A Cup of Coffee with Attorney Mark Western


We love that our attorneys and staff have diverse interests in the communities they serve. Here is a great short read from Attorney Mark Western who writes for the Mountrail County Promoter. It is republished here with their permission. Enjoy! 

Thinking About Driveways and Snow Blowing

We are deep into the winter 2022-23, both literally and figuratively, and anyone who reads this has presumably dealt with all of the recent snow in some way.  I am not the first or the last to suggest that we as North Dakotans have a special kind of hardiness to annually wage a losing war with Old Man Winter.  Along with a snow blower or tractor, North Dakotans often have as many different types for snow shovels as the Eskimos have names for snow.  Each type of snow shovel has a different purpose; to push, to stack, to chip, to lift, or to finesse. 

Personally, I hate snow blowing in windy conditions more than anything.  As I type this column, I can still feel the throbbing cold in my fingers and the sting of the snow blown onto my face from last night's snow blowing adventures.  I do not like to snow blow, but I like an icy and lousy driveway even less.   

Shakespeare wrote eloquently of the seven ages of man and Dante wrote equally eloquently about the seven circles of Hell.  It is with that spirit that I hope today’s submission will be considered to be part of the canon of works describing the essence of life in our time.  I believe most North Dakota driveways go through seven stages every winter.   Permit me to explain:

Stage One, Pre-Winter

During this stage, the driveway is in all its late-autumn glory.  The driveway is clear of leaves, its borders are a perfect rectangle or trapezoid, and the surface is as flat as a griddle frying my morning bacon.  The first stage of driveways is almost always the happiest.  All of the neighbors’ driveways look the same; free of snow and debris.   The snowblower is serviced and there is a container of ice remover ready to go.  This stage is akin to warmups before a basketball or football game.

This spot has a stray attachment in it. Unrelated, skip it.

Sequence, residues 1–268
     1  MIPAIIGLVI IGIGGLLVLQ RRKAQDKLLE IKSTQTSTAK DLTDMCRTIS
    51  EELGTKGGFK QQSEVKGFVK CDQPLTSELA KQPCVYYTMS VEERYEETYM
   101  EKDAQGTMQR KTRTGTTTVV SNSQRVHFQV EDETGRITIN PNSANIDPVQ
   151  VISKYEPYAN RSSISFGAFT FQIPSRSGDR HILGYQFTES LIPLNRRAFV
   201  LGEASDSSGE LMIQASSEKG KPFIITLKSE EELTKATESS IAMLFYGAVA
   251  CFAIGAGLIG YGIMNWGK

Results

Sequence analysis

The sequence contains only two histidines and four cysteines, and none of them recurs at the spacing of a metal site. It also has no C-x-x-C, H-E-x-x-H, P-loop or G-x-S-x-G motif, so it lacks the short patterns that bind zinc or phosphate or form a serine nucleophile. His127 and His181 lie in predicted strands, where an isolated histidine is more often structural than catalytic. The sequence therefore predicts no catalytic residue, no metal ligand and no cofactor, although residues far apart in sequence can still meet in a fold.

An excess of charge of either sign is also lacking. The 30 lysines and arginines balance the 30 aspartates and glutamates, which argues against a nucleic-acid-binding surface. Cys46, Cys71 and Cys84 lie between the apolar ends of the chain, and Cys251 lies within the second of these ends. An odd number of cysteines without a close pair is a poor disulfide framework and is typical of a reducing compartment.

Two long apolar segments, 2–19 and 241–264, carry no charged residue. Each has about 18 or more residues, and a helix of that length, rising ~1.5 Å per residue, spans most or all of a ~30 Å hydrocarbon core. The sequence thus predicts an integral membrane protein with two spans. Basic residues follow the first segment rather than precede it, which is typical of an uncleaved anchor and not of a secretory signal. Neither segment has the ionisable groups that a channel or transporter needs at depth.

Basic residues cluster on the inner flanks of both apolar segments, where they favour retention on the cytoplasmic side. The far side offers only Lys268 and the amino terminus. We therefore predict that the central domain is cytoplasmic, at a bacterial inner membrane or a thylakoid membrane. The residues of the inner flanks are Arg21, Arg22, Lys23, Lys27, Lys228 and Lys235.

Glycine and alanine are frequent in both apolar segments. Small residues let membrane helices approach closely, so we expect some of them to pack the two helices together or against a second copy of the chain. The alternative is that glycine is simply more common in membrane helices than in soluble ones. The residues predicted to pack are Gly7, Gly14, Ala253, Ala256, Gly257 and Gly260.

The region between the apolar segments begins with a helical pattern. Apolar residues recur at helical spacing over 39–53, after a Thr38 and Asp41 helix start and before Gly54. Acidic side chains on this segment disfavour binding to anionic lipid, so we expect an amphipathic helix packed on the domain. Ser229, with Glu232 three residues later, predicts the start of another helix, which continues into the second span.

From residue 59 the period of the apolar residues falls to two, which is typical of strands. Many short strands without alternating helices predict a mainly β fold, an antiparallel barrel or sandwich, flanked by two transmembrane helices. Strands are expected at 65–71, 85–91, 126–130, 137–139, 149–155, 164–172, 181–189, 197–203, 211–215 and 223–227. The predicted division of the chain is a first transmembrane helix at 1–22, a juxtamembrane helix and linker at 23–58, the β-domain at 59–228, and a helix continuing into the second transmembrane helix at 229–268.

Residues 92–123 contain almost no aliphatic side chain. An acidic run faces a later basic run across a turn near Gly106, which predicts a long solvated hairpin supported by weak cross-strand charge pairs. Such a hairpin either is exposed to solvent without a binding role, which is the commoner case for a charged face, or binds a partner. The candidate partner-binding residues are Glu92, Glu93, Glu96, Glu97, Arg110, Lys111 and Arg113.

Stage Two, Early Winter Perfection

At the beginning of the winter, usually after the first couple of snowfalls, it is easy to keep the driveway immaculate.  In this stage, the average or normal snow pusher resolves that unlike every previous year, the driveway will remain perfect all winter long.  The snow pusher immediately resolves to shovel all of the ridges from the city snowplow; sidewalks and walkways are kept free of any drifts and no footprints can be found anywhere.  The sidewalks and walkways are at least two full snowblower widths and will often reach onto the grass on either side.

Prior to pulling into the driveway after work, school, or a trip to the store, the snow pusher will promptly push all snow from the entire driveway to ensure no ridges, no packed snow, and no tire tracks.  This stage is not unlike the phenomenon of overflowing gyms during the first two weeks of January each year.  Some regions of the country refer to this stage as the "Hallmark Christmas Movie" stage.  

Stage Three, Light Footprints and Tire Tracks.